Over 60% of parents make comments to their teen about their weight – but it’s not just critical or negative remarks, according to adolescents surveyed in a new study from the UConn Rudd Center for Food Policy & Health. In fact, positive weight comments from parents were reported to be more frequent than negative parental comments about weight.
Using a national online panel, researchers surveyed 2,032 adolescents and 1,936 parents to learn about the types of positive and negative comments that parents make about their teen’s weight, how teens perceive these comments, and whether these communication patterns vary across sex, race/ethnicity, and weight status.
“We know that many parents talk to their teens about their weight, but we don’t know enough about what parents are actually saying or how teens feel about it,” says Rebecca Puhl, lead author of the study and deputy director at the Rudd Center. “Adolescence is a critical time for developing positive body image, and body weight is often an emotional and sensitive topic. The ways that parents talk about their teen’s weight can have a lasting impact.”
The researchers examined key aspects of parent weight communication in racially and ethnically diverse mothers and fathers and adolescent girls and boys, across a range of body sizes. Study findings, published in the journal Nutrients, show that both mothers and fathers commonly talk about weight with their adolescent daughters and sons, and include both positive and negative comments.
Key findings include:
- 61% of parents reported making comments to their child about their weight, with 16%
of parents expressing these comments often.
- About a third of teens said that their fathers (31%) and mothers (39%) commented that
their health is more important than their weight.
- Positive weight comments from parents were more frequent than negative comments,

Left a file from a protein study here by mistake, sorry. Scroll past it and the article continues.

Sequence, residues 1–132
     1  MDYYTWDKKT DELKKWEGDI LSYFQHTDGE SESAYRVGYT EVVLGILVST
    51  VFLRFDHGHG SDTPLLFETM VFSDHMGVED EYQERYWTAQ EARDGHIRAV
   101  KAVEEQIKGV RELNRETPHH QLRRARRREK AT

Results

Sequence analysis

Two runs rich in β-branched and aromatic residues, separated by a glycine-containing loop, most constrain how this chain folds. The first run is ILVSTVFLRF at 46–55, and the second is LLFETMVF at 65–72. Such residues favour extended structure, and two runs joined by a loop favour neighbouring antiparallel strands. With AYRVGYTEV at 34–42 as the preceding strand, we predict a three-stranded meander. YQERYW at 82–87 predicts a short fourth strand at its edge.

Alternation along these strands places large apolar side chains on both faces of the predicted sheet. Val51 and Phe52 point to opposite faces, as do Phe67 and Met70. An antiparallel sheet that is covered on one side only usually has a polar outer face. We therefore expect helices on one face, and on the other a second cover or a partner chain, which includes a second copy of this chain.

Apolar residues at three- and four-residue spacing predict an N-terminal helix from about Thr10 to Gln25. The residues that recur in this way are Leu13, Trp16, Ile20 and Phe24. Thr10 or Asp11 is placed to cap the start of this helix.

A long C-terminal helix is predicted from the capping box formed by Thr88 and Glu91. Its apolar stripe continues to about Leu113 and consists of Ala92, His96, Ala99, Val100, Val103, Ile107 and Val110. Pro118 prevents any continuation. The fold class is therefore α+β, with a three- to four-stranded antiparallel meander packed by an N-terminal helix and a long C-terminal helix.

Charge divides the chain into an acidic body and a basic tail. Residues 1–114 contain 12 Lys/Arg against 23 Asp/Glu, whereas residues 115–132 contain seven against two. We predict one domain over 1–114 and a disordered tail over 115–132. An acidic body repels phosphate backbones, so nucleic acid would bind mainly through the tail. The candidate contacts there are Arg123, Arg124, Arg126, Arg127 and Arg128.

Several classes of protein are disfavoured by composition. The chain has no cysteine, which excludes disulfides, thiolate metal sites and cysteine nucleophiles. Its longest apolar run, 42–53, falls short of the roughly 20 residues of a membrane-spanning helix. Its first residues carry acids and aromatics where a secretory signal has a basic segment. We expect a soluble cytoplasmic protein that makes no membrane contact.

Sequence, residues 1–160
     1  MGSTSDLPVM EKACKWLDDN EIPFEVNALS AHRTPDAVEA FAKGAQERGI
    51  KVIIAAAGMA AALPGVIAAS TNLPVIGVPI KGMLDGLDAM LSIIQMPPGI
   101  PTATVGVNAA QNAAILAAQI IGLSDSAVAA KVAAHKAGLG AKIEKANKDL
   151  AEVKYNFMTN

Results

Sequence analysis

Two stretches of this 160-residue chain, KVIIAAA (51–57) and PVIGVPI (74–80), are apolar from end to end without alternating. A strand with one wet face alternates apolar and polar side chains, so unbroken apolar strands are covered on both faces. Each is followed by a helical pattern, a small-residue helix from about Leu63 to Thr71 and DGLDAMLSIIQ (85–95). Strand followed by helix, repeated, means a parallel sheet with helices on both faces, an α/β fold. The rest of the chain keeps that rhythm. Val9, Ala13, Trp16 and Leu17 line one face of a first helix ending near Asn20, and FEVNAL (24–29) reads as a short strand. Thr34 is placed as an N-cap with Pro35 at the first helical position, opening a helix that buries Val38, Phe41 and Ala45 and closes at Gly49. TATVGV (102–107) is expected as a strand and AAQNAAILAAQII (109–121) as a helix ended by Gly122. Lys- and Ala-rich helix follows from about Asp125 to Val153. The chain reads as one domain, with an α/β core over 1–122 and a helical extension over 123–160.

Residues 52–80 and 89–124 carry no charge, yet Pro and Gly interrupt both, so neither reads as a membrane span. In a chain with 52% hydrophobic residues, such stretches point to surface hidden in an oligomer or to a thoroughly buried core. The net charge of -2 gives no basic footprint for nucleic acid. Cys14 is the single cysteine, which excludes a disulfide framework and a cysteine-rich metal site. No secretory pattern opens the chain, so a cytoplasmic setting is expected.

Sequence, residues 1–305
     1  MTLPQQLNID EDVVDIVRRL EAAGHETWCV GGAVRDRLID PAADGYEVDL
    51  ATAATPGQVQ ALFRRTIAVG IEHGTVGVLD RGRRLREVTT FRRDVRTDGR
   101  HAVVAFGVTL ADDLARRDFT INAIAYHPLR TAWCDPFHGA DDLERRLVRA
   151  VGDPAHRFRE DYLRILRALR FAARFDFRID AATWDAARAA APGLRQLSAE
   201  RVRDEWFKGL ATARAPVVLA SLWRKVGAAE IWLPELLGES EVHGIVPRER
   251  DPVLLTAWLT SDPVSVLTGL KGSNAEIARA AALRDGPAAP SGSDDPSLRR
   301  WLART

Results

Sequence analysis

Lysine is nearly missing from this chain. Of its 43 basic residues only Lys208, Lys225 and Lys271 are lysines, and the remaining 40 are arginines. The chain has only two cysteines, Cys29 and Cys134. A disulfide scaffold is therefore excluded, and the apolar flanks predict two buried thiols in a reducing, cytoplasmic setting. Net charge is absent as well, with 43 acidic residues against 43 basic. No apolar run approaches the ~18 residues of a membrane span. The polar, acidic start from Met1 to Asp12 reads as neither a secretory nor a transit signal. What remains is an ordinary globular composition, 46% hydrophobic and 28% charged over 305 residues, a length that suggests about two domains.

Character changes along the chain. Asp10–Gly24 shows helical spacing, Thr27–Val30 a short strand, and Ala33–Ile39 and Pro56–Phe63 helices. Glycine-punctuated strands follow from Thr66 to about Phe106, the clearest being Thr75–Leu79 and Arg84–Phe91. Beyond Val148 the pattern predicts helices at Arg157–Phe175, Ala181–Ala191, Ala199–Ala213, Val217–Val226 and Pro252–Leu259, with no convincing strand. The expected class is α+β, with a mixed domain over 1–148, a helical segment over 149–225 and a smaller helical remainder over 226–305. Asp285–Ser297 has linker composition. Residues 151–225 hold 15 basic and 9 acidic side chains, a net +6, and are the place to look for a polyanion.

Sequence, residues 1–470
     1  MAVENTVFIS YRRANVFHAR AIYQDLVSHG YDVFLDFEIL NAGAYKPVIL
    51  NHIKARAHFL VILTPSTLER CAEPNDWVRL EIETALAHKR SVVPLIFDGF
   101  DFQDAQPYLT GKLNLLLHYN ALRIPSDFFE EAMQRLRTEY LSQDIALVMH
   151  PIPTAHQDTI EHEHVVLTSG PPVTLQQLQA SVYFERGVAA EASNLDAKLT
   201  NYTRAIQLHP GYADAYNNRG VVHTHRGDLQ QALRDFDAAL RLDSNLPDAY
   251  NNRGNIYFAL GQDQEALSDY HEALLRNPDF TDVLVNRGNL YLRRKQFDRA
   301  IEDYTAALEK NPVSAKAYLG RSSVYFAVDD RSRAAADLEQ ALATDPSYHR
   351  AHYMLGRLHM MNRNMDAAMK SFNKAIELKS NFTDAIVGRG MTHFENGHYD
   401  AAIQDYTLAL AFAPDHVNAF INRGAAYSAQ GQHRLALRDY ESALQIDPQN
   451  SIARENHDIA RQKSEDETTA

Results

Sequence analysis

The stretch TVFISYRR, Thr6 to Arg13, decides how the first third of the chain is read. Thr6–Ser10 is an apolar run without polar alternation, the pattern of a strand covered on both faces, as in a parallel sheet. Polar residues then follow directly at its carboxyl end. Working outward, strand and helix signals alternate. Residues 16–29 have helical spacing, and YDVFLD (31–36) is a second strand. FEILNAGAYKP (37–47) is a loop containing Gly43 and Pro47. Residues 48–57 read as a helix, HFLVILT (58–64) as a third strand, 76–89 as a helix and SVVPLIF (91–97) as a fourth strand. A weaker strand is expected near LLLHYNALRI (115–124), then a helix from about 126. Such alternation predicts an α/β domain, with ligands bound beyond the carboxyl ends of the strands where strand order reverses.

but both were commonly reported by mothers, fathers, and adolescents across sex,
race/ethnicity, and weight status.
- Compared to girls, boys reported more frequent weight comments from mothers and
- Hispanic/Latinx parents and adolescents reported talking about weight more often
compared to White and Black/African American parents and adolescents.
- Weight comments from parents occurred most often for adolescents with higher weight
and adolescents actively trying to manage their weight.
- Parent-adolescent weight conversations occurred both in-person and through texting,
and across daily life situations like grocery shopping, shopping for clothes, and when
talking about healthy lifestyle behaviors.
The majority of adolescents surveyed reported that their parents make body-positive remarks to them, such as communicating the importance of body acceptance and treating people of all body sizes with respect. Yet despite these positive parental messages, many adolescents said they never want their mother (44%) or father (63%) to talk to them about their weight.
Adolescents offered circumstances that would increase their comfort level in having these conversations with parents. Many teens (44%) indicated that these conversations are okay if they bring it up first. About a third of adolescents reported that it is okay for their parent to talk about their weight in a supportive way (32%) or if their parent first asks them if it’s okay to talk about it (31%). A quarter of adolescents said they want their parents to keep these conversations private and to use words to refer to their weight that they feel comfortable with.
“Our study findings have important implications for health professionals working with families to promote supportive communication at home,” says Leah Lessard, study co-author.
“Helping parents distinguish between positive and negative weight comments and understand perspectives of adolescents can provide concrete steps towards more supportive parent communication,” adds Puhl.
This study was supported by a grant from WW International Inc. Study co-authors include Leah Lessard of the Rudd Center for Food Policy and Health at the University of Connecticut, and Michelle Cardel and Gary Foster of WW International.